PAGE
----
Is Java's lack of unsigned primitive types a characteristic of Java the platform or Java the language?

There are questions about why Java doesn't support unsigned types and a few questions about dealing with unsigned types. I did some searching, and it appears that Scala also doesn't support unsigned data types. Is the limition in the language design of Java and Scala, in the generated bytecode, or is it in the JVM itself? Could there be some language that runs on the JVM and is otherwise identical to Java (or Scala), yet supports unsigned primitive data types?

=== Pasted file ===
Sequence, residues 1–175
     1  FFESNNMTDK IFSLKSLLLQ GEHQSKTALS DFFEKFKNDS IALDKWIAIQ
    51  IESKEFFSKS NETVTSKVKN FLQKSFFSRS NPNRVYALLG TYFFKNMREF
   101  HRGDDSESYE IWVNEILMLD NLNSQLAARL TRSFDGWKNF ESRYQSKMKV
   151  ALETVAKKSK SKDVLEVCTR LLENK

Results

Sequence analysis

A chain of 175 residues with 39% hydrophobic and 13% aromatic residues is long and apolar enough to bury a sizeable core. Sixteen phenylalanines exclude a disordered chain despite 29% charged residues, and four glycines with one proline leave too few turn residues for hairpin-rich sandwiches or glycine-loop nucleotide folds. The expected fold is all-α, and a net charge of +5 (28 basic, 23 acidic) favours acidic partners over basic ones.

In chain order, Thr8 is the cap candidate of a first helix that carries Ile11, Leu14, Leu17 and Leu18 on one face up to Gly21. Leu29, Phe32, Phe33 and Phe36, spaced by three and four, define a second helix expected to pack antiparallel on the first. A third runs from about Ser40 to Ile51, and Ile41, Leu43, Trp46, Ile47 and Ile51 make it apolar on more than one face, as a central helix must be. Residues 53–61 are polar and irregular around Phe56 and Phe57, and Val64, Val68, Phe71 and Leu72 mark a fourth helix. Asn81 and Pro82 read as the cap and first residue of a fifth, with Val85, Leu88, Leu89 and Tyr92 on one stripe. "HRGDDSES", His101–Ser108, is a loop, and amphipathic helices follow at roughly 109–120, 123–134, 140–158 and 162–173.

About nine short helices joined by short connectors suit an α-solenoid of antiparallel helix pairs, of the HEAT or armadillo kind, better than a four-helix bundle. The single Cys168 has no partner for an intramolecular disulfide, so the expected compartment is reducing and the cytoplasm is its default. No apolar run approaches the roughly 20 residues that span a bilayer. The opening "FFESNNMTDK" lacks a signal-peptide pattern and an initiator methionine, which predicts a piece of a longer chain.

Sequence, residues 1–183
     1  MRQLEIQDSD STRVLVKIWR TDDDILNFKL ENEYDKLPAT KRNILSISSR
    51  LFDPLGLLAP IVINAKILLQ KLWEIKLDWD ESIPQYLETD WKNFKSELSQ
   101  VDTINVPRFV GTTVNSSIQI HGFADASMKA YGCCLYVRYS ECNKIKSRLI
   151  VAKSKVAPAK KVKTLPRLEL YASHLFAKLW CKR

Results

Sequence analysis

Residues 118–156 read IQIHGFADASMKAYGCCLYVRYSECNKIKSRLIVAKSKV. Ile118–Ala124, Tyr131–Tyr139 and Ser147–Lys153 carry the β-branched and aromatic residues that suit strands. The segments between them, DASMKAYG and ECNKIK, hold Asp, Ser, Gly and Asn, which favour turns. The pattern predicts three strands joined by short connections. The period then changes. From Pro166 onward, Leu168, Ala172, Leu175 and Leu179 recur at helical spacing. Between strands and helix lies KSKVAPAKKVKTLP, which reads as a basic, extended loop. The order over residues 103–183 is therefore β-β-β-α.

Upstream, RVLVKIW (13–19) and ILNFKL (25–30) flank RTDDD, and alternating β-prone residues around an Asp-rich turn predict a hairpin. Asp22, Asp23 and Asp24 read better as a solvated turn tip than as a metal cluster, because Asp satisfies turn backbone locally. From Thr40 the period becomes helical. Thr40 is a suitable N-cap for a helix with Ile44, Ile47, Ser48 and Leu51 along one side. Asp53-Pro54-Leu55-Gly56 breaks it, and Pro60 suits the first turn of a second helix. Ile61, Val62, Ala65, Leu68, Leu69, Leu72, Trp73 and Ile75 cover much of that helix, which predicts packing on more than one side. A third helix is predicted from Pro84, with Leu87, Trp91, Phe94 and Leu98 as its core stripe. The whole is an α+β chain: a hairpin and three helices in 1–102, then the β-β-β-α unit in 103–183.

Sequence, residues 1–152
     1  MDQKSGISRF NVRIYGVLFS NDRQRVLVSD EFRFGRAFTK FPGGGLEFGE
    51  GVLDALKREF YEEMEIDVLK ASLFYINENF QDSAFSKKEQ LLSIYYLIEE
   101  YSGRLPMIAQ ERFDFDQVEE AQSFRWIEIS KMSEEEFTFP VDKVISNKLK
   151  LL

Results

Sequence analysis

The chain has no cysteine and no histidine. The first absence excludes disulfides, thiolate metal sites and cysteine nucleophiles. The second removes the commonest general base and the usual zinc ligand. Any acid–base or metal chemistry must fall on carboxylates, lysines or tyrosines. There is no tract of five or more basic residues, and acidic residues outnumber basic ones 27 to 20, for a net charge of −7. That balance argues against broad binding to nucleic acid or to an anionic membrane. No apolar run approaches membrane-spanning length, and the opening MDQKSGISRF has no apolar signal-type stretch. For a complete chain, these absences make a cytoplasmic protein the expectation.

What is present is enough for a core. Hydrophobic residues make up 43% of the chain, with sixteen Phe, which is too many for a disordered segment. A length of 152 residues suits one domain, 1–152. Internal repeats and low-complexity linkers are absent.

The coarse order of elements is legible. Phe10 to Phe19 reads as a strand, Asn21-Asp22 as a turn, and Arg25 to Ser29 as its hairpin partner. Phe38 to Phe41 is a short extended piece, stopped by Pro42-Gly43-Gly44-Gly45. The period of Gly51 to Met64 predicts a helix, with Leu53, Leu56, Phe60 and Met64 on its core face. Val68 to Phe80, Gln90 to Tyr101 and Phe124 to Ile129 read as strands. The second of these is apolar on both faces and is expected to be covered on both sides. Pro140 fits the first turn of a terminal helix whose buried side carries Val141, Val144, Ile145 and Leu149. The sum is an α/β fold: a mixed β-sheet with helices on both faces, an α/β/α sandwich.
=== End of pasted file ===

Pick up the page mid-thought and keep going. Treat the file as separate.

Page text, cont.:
Answers


Java Bytecode Specification only defines signed types:

The integral types are byte, short, int, and long, whose values are 8-bit, 16-bit, 32-bit, and 64-bit signed two's-complement integers

But a language implemented on top of the JVM can probably add an unsigned type at the syntactic level and just handle the conversion at the compilation stage.


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